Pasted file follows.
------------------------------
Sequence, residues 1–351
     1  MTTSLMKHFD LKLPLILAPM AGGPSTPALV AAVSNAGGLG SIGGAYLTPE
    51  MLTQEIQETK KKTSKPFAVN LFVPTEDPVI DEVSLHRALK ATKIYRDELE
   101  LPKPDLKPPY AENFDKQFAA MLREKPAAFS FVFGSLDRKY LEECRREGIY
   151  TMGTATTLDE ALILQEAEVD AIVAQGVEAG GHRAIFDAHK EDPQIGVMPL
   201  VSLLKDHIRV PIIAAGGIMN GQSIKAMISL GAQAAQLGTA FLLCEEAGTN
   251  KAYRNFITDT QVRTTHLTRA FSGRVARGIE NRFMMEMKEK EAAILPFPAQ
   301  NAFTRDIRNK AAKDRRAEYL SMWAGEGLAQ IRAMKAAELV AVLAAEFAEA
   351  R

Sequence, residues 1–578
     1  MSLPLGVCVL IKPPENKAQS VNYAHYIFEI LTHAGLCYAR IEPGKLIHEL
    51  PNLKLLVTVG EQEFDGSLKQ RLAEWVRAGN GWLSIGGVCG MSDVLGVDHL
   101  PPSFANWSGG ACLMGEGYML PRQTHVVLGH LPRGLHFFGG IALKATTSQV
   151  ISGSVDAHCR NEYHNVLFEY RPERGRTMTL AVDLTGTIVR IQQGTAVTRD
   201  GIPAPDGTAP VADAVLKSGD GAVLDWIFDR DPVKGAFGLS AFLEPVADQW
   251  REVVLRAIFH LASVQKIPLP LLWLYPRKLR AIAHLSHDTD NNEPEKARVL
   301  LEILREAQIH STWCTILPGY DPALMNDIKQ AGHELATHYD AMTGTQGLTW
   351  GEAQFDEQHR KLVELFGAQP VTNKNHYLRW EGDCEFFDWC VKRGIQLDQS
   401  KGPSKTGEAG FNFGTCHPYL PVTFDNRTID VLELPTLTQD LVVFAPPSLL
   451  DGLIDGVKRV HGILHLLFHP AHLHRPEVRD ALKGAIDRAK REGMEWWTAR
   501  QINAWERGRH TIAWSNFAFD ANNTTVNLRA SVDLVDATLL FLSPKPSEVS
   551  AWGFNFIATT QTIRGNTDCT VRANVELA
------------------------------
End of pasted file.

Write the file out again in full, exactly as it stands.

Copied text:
Sequence, residues 1–351
     1  MTTSLMKHFD LKLPLILAPM AGGPSTPALV AAVSNAGGLG SIGGAYLTPE
    51  MLTQEIQETK KKTSKPFAVN LFVPTEDPVI DEVSLHRALK ATKIYRDELE
   101  LPKPDLKPPY AENFDKQFAA MLREKPAAFS FVFGSLDRKY LEECRREGIY
   151  TMGTATTLDE ALILQEAEVD AIVAQGVEAG GHRAIFDAHK EDPQIGVMPL
   201  VSLLKDHIRV PIIAAGGIMN GQSIKAMISL GAQAAQLGTA FLLCEEAGTN
   251  KAYRNFITDT QVRTTHLTRA FSGRVARGIE NRFMMEMKEK EAAILPFPAQ
   301  NAFTRDIRNK AAKDRRAEYL SMWAGEGLAQ IRAMKAAELV AVLAAEFAEA
   351  R

Sequence, residues 1–578
     1  MSLPLGVCVL IKPPENKAQS VNYAHYIFEI LTHAGLCYAR IEPGKLIHEL
    51  PNLKLLVTVG EQEFDGSLKQ RLAEWVRAGN GWLSIGGVCG MSDVLGVDHL
   101  PPSFANWSGG ACLMGEGYML PRQTHVVLGH LPRGLHFFGG IALKATTSQV
   151  ISGSVDAHCR NEYHNVLFEY RPERGRTMTL AVDLTGTIVR IQQGTAVTRD
   201  GIPAPDGTAP VADAVLKSGD GAVLDWIFDR DPVKGAFGLS AFLEPVADQW
   251  REVVLRAIFH LASVQKIPLP LLWLYPRKLR AIAHLSHDTD NNEPEKARVL
   301  LEILREAQIH STWCTILPGY DPALMNDIKQ AGHELATHYD AMTGTQGLTW
   351  GEAQFDEQHR KLVELFGAQP VTNKNHYLRW EGDCEFFDWC VKRGIQLDQS
   401  KGPSKTGEAG FNFGTCHPYL PVTFDNRTID VLELPTLTQD LVVFAPPSLL
   451  DGLIDGVKRV HGILHLLFHP AHLHRPEVRD ALKGAIDRAK REGMEWWTAR
   501  QINAWERGRH TIAWSNFAFD ANNTTVNLRA SVDLVDATLL FLSPKPSEVS
   551  AWGFNFIATT QTIRGNTDCT VRANVELA